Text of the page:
What aromatics do you suggest folks to use at home to
incorporate flavors, sauces, etc.?
I’m a big fan of toasted seeds like cardamom and
coriander and I love to crush them to make rubs and
marinades. I also enjoy using fruitier oils (like grapeseed)
that bring out the flavors in proteins. For lighter proteins
like fish, I go light and mild with ingredients like dill,
lemon zest, or other types of citrus rubs. For meats
or heavier items, I like robust herbs and flavors like
rosemary, thyme, and garlic.
When we spoke a year ago, you mentioned this was
your first country club experience and was all new to
you. What have been your biggest learning curves that
have helped you to grow in this position?
It’s all about continuing to learn what our members
want and what style of cuisine they’re enjoying. I
want to feel like I’m taking them on my path of my
experience with cooking. I want to introduce them to
things from my past and my history of food. Learning
our membership and getting them to trust us and have
confidence in us and our events is important to me. It’s
certainly blossomed because many of our events now sell
The personal preferences of members is also very
important to us. There are quite a number of people who
are gluten-free and conscious of what they’re eating so
for us—yes is always the answer. If they want something
off of the menu, we never say no. That’s our attitude.
Our biggest learning curve right now is managing
reservations and the dining room. We need to make sure
we’re maximizing our numbers, but also making sure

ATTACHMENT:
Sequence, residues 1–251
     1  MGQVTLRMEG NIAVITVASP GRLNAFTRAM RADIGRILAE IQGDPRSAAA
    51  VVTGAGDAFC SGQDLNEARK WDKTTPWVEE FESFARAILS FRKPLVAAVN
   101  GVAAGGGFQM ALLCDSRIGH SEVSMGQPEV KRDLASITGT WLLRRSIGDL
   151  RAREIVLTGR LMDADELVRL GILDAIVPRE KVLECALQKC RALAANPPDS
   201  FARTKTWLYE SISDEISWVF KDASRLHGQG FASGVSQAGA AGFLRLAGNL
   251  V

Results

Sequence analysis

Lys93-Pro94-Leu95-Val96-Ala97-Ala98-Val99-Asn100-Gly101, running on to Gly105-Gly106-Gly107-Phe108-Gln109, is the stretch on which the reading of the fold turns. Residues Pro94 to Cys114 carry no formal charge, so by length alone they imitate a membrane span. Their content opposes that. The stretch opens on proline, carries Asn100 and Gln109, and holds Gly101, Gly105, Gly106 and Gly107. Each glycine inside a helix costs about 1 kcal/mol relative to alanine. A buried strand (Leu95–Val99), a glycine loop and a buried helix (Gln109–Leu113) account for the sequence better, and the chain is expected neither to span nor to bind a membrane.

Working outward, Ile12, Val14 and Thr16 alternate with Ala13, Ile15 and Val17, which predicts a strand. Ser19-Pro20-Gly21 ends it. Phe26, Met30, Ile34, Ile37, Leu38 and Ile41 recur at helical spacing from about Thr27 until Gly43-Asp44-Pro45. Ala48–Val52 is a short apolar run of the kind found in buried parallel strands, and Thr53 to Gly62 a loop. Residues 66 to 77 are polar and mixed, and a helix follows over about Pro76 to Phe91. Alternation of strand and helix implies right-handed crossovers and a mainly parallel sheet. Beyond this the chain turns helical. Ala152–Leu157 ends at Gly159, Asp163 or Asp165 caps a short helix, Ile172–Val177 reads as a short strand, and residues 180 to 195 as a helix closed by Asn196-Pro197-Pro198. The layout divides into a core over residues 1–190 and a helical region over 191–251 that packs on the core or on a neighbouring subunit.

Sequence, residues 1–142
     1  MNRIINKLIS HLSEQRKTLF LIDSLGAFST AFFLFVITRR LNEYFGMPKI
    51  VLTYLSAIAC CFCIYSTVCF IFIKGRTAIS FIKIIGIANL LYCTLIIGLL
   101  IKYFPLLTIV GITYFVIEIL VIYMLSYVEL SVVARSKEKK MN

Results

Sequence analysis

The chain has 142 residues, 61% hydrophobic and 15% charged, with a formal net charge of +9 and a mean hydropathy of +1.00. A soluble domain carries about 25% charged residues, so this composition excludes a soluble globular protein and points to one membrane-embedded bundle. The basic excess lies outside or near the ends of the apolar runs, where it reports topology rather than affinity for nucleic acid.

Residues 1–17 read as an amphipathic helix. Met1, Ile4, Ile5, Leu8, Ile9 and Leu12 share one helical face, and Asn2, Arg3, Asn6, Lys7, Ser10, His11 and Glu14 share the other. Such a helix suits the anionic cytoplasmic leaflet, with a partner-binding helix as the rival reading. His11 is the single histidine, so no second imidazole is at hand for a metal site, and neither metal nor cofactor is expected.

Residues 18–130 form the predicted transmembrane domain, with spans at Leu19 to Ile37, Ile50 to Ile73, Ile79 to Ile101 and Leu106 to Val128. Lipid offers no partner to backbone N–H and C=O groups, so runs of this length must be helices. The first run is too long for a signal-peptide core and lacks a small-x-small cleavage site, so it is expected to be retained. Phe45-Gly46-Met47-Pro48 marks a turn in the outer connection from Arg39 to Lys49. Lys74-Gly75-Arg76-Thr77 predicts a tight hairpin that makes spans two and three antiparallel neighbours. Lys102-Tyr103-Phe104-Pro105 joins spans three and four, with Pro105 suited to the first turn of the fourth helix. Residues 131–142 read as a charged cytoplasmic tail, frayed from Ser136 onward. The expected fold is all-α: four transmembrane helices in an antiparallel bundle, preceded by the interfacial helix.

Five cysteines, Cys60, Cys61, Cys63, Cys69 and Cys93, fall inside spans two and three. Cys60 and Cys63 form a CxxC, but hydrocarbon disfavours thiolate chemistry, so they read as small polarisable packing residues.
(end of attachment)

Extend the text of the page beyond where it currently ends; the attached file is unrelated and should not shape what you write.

that the flow into the kitchen is executed properly. It’s all
about restaurant 101 and making sure the dining room
floor is managed effectively. If you’re doing 220 to 230
covers on a weekend night, you gotta be on point!
How do you get feedback from your members on what’s
working for them and what they’d like to see improve?
We have a notes section called 4 Ts (which is the
Open Table of the club house world) and customers can
comment on what they like or want. We’re doing an in-house baking program now because we’ve had so many
requests for celebration cakes. Folks also put down their
dietary needs and table requests, so all of this helps us
customize members’ experiences in the dining room.
You were in a New England setting for three decades
and used to lobsters, clams, and a Portuguese influence on the food. Last year was your first full season
watching the fields grow. What regional ingredients
have you really grown to love?
Crab season is coming around so I’m definitely enjoying
working with the local crabs. I also have a guy working
with us whose dad has a farm, and this year we’re buying
his tomatoes and corn. We’ve developed this menu item
called “3-hour Corn” where the idea is that the corn is
picked and on your table in just three hours. Its will be
in the form of a fresh corn salad, street corn, etc. The
tomatoes are also coming in and they’re just simple,
beautiful, vine-ripened tomatoes that are sweet and deep
red in color. Nothing compares to them!